When the British occupied many of the Caribbean islands beginning in the 1700s, they brought with them traditions and customs that would influence the region long after their forces withdrew. Emancipation was ordered by the Brits on August 1, 1834, now officially known throughout the region as Emancipation Day. 

Over the centuries, cuisine across the Anglo-Caribbean territories became a mix of English, African, Latin and Amerindian tastes. Try these recipes for authentic British Caribbean cuisine. 

Jamaica: Mackerel Rundown

British Caribbean Cuisine

A tasty “old Jamaican” breakfast dish that is a creamy, salty and savory vestige of the island’s colonial past.

What You’ll Need


  • 2 pounds salted mackerel
  • Lime juice
  • 2 cups coconut milk
  • 1 large onion, sliced
  • 3 cloves garlic, minced
  • 1 Scotch bonnet pepper, chopped after seeds removed
  • 2 tomatoes, chopped
  • 3 sprigs thyme
  • salt and black pepper to taste
  • parsley for garnish

What To Do

  1. Wash the mackerel with water and lime juice, then boil in hot water for 10 minutes to remove excess salt.
  2. Drain and then break the mackerel into small pieces.
  3. Add coconut milk to a pan and boil on medium simmer until it reduces, becoming oily.
  4. Stir in onion, garlic, thyme, Scotch bonnet pepper and tomatoes. Add the mackerel and cook for 10 minutes on medium heat. Add salt and pepper to taste.
  5. Serve with other Jamaican sides like dumplings or ground provisions.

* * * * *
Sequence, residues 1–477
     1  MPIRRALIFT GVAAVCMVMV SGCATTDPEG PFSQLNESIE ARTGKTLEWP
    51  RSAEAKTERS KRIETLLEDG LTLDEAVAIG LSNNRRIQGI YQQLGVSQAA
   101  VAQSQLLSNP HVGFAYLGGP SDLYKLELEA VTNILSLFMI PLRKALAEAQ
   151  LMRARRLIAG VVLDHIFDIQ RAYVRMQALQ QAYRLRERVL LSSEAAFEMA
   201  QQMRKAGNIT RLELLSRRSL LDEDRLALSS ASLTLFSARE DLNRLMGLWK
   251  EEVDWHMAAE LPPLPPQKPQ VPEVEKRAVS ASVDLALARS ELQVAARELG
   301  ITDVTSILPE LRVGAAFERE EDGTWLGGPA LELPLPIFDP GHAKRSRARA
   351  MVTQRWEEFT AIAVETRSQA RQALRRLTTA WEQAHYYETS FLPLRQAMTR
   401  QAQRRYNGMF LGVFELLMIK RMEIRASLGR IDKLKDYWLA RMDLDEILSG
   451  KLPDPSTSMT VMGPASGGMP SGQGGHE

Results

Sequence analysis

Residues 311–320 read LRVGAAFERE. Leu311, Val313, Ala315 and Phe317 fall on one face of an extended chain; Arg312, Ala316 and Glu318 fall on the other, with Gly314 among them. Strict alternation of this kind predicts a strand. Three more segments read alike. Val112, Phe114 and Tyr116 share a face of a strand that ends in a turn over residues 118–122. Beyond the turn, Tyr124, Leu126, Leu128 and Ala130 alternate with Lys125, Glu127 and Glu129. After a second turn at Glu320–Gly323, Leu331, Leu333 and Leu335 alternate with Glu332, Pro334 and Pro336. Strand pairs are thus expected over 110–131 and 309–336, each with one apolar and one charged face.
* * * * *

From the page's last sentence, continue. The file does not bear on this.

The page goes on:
The Bahamas: Banana Pudding

British Caribbean Cuisine

Traditional British puddings were steamed in small vessels covered with greased paper and foil. This Bahamian banana-flavored pudding is close to bread but retains its chewy texture with no baking powder added.

What You’ll Need

  • 7 ripe bananas 
  • 1 cup sugar 
  • ¼ teaspoon salt 
  • ½ cup milk 
  • 1 tablespoon vanilla flavoring 
  • 2 eggs, beaten
  • ¾ stick butter, melted
  • ¼ teaspoon grated nutmeg
  • 2 ½ cups all-purpose flour 

What To Do

  1. Preheat the oven to 350 degrees.
  2. In a large mixing bowl, mash the bananas. 
  3. Mix in the sugar, salt, milk, vanilla, eggs, butter and nutmeg, then the flour until completely combined. 
  4. Pour into a buttered 9 x 12 inch rectangular pan. 
  5. Bake on the middle rack for about 40 minutes until browned on top and a toothpick or knife inserted comes out clean. 
  6. Allow to cool at least slightly, then cut into squares and serve hot or cold. 

Saint Vincent: Breadfruit Puffs

British Caribbean Cuisine

Breadfruit was first brought to the Caribbean islands by the British in the late 1700s. These savory Vincentian breadfruit puffs create the perfect snack or party appetizer.

What You’ll Need

  • 1 whole breadfruit
  • ¼ cup milk
  • 1 large egg
  • ½ cup chopped onion
  • ¼ cup chopped parsley
  • ¼ cup chopped green onions
  • 1 Scotch bonnet pepper, chopped and seeds removed
  • ½ teaspoon salt
  • pinch of black pepper
  • 1 ½ cups breadcrumbs
  • ⅛ teaspoon salt
  • ⅛ teaspoon black pepper
  • Oil, for frying

What To Do

  1. Cut an “X” into the breadfruit to pierce the skin, then boil, fully submerged, until it is easy to insert and remove a knife. Remove and drain.
  2. Once cool to the touch, remove the skin and core. Add the breadfruit to a large bowl and mash while the flesh is still warm.
  3. In a separate bowl, whisk together the egg and milk, then add to the breadfruit.
  4. Add the onion, Scotch bonnet pepper, green onions, parsley, salt and pepper to the mix and combine. 
  5. Pour 1 ½ cups of breadcrumbs into a small bowl and mix together with remaining salt and pepper.
  6. Form the puffs by taking a heaping tablespoon of the mixture and, with oiled hands, rolling it into a ball, repeating until the entire mixture has been used.
  7. Toss the puffs in the breadcrumb mixture to coat evenly.
  8. In a pot or deep fryer over medium heat, add enough oil to cover the puffs. Once hot, add the puffs and fry until golden brown and crispy.
  9. Remove with tongs or a metal spoon. Drain on a paper towel to remove excess oil. Then enjoy!

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